“Blah, blah, blah, blah, blah.” -Eddie Ellner

“Blah, blah, blah, blah, blah.” -Eddie Ellner

I spent hours in loving, community embrace of a dear friend about to die. A master gardener, I remember him carrying 100-pound rocks like they were popcorn. Cancer has taken his strength but not his spirit. The garden he’s planted at his hospice will feed people long after he’s gone.

Along the way doctors recommended surgery and chemo but he refused any medical intervention.

“If he had done something then he wouldn’t have to die like this,” I heard someone say, frustrated.

One of the rules in this game of existence is: we die. It’s our one undeniable right.

Bob Marley refused treatment for a cancer in his little toe. He thought his religious beliefs would heal him. The cancer spread to his brain. He died.

I know someone who’s treating heart disease by swishing ozonated coconut oil in their mouths twice a day. Her teeth have never been whiter. I hope it also helps her heart.


After the Refugio oil spill, my first thought was: that’s us.

Something buried out of sight bursts open, revealing its toxic contents. When the pipe doesn’t burst it’s easy to think everything’s okay. Is everything okay?

Having the right information is important. If you act on the wrong information it’s a lot like turning the heat on while keeping the windows open. What’s the use of being precise if you don’t know what you’re talking about?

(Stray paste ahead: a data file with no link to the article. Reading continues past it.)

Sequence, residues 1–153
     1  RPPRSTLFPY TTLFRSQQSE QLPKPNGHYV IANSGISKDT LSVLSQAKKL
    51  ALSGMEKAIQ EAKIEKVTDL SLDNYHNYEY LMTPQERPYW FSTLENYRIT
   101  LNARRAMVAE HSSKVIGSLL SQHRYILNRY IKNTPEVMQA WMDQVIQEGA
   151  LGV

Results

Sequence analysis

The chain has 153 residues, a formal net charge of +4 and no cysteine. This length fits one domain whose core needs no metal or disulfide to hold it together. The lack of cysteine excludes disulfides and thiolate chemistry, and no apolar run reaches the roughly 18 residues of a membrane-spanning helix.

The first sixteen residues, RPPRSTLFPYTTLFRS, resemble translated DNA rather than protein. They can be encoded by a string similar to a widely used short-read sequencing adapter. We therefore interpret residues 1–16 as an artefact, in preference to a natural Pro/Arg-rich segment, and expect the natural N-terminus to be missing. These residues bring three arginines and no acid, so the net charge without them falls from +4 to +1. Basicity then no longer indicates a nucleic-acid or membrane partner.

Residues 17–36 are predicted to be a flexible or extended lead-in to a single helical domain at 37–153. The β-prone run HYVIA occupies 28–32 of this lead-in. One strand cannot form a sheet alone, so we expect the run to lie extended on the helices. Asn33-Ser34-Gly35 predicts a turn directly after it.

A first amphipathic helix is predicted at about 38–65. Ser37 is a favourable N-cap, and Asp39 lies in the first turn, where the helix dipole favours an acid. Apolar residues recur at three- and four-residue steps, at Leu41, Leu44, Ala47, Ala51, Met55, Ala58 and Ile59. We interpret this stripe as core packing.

Yet we speak as if we know. We’re trying to get healthy, stay healthy, live longer and sometimes it seems we’re missing the point of living by always optimizing our lives.


As a child, disassociation saved my life. I had to not know things in order to survive. At some point the not knowing no longer served me. In order to keep not knowing walls had to be built outside, scar tissue formed on the inside. That became my experience of life. What once protected me now incarcerated me. Breaking free of that is the healing process.

As an adult, I see the same imbedded disassociation: we’d rather not think of the true cost of looking outside for our happiness.


Three of India’s most venerated teachers: Ramana Maharshi, Nisagadatta Maharaj and Ramakrishna, all died of painful cancers. On their deathbeds, they told their grieving disciples the same thing:

Grieve not for this body you see in front of you. I am not the body.

Desire binds you,
Nothing else.
Destroy it, and you are free.

Because you think you are the body,
for a long time you have been bound.

All things arise,
suffer change and pass away.

This is their nature.

When you know this
nothing perturbs you
nothing hurts you.
You become still.

It is easy.

You are Love.

Know who you are.

Be Happy.